Caesars Entertainment Sells Three Vegas Hotels to Itself, Will Use $223 Million From the Sale to Renovate The Quad

We. Are. Not. Making. This. Up.

In one of the more bizarre Las Vegas stories in some time (that, again, we aren’t making up), Caesars Entertainment has announced it’s going to sell four hotels, three of which are in Las Vegas, to itself.

Caesars Growth Partners (a subsidiary of Caesars Entertainment), will purchase Bally’s Las Vegas, The Cromwell, The Quad and Harrah’s New Orleans from, wait for it, Caesars Entertainment for $2.2 billion, “including assumed debt of $185 million and committed project capital expenditures of $223 million, resulting in cash consideration of approximately $1.8 billion.”

The Cromwell
The Cromwell, formerly the Gansevoort Las Vegas, formerly Bill’s Gamblin’ Hall & Saloon, formerly the Barbary Coast. There will be a quiz.

The sale is expected to happen in the second quarter of 2014.

This somewhat incestuous transaction will miraculously result in a $223 million, long-awaited renovation of The Quad, so it has that going for it.

The news release says, “The transformation of The Quad will create a new design-inspired urban hotel combining boutique sensibilities with full scale resort amenities.” Because you could really hurt your head on those miniature resort amenities.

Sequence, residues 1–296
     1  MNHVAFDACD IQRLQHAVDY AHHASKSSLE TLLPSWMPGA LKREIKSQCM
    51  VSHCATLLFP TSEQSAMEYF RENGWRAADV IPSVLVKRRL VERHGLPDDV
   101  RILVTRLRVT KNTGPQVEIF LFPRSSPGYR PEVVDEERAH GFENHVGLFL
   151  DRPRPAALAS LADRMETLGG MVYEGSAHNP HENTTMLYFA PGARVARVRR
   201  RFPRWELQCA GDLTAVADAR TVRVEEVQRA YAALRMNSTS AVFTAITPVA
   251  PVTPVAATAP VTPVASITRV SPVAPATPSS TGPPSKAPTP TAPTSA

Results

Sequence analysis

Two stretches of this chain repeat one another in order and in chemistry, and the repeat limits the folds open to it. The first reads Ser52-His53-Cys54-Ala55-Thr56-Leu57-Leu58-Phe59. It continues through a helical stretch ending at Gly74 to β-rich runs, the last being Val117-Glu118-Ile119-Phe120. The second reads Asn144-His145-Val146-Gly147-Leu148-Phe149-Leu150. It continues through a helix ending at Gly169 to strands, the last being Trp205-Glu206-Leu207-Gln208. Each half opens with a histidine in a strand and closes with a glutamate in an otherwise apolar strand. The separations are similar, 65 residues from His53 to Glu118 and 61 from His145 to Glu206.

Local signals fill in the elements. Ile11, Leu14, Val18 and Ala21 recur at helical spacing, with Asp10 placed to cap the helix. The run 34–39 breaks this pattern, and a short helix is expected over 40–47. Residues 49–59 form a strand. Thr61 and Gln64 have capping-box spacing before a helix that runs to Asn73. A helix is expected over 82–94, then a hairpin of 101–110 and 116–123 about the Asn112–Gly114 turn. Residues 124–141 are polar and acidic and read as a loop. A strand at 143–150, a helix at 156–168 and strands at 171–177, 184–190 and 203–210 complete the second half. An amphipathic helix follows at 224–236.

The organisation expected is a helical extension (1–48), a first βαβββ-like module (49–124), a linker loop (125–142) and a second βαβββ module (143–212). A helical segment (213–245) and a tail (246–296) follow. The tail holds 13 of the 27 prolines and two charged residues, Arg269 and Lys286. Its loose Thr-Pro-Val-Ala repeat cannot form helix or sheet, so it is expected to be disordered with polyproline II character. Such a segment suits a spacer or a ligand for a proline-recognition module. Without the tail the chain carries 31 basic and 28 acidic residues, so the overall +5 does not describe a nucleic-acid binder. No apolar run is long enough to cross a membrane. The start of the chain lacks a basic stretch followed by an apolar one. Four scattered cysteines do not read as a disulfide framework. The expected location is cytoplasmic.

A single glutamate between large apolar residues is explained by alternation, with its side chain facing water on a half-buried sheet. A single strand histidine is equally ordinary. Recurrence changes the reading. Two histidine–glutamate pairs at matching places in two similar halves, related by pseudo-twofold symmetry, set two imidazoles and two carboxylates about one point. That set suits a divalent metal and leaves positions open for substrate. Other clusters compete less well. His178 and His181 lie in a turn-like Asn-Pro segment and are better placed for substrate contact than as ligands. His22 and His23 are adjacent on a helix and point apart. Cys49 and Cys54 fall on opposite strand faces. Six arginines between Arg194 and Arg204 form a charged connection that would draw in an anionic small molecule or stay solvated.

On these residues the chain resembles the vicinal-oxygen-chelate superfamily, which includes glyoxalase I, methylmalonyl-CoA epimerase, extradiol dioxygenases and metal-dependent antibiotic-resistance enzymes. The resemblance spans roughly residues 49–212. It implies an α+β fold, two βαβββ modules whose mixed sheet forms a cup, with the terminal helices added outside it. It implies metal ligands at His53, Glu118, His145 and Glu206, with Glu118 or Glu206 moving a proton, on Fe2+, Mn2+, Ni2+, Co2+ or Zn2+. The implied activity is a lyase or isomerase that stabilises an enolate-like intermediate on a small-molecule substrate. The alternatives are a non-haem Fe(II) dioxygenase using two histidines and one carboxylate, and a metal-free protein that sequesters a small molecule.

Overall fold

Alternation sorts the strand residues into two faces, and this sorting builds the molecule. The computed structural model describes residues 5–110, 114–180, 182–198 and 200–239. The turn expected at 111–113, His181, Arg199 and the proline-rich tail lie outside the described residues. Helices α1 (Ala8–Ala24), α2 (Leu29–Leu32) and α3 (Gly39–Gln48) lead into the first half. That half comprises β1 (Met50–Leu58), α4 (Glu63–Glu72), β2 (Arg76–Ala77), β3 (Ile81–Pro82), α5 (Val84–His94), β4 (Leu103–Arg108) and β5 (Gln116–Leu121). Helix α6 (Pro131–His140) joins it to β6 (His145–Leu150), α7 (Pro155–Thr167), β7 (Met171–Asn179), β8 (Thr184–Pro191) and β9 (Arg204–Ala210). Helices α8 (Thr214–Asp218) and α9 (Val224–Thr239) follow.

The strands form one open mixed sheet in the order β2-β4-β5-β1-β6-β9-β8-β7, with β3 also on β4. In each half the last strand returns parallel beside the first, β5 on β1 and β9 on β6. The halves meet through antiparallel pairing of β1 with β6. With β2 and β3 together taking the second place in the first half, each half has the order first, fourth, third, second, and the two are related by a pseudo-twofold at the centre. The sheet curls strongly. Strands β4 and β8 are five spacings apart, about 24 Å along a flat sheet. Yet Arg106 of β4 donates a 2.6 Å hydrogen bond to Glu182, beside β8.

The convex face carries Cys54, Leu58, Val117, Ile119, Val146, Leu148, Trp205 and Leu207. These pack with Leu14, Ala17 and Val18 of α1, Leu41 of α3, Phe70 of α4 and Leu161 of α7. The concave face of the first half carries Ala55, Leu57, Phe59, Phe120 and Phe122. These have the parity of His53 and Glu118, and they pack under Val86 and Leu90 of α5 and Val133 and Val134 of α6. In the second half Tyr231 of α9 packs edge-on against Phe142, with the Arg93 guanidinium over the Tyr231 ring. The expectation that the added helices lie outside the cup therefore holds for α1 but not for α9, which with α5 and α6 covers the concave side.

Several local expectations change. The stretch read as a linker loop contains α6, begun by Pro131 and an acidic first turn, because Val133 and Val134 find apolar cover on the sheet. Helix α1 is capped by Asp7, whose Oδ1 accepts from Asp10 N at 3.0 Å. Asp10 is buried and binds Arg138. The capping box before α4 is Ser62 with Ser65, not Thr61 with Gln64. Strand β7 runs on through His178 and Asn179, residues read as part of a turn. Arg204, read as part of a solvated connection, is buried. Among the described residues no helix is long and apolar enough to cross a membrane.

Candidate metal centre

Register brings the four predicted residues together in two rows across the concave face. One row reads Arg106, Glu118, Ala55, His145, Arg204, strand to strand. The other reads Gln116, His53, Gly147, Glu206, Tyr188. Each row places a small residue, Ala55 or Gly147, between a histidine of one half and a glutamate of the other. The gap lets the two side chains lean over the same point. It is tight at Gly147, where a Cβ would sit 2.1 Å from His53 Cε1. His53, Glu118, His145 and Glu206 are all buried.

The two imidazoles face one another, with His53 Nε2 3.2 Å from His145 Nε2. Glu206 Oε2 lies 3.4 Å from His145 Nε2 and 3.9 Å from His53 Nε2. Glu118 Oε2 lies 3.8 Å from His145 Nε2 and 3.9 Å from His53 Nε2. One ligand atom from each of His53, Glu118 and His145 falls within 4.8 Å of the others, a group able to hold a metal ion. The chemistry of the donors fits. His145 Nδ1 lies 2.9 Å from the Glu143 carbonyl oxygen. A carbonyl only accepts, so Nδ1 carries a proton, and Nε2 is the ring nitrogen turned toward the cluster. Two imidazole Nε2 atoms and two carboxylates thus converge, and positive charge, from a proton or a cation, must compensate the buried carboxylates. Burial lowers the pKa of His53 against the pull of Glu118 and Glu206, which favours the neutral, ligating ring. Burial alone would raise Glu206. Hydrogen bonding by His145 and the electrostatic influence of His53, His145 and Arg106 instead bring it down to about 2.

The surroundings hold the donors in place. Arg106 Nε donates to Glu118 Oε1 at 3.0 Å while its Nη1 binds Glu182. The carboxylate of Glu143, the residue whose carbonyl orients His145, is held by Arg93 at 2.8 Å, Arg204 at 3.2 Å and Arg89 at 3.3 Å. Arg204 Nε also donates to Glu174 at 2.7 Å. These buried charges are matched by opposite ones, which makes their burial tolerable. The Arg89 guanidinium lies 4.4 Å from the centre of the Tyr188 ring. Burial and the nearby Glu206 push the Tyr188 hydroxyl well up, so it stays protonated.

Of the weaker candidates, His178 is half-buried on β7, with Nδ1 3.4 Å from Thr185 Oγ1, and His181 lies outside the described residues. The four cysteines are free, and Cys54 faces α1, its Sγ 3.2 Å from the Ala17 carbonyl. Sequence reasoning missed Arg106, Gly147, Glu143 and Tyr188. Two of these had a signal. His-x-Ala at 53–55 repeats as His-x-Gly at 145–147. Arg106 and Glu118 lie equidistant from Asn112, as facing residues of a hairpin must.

The renovations at The Quad will include completion of the exterior facade, remodel of the guest rooms (awesome), an expansion of meeting spaces and new “dining experiences.”

We’re most excited about the “substantial infrastructure upgrades.” Assuming that refers to go-go dealers.

The Quad
The Quad, formerly Imperial Palace, formerly Flamingo Capri, formerly cacti.

The Quad’s renovation is expected to be completed in the first half of 2015.

How is all this possible given the fact Caesars Entertainment is $23 billion in debt? It’s best that we focus on the Vegas newness, rather than the WTF.

Scratching your head? This might help. See all the details of this fascinating bit of financial wizardry in the news release posted, in its entirety and with refreshingly little analysis, at the Wall Street Journal.

Note: If your head explodes, this blog is not cleaning that up.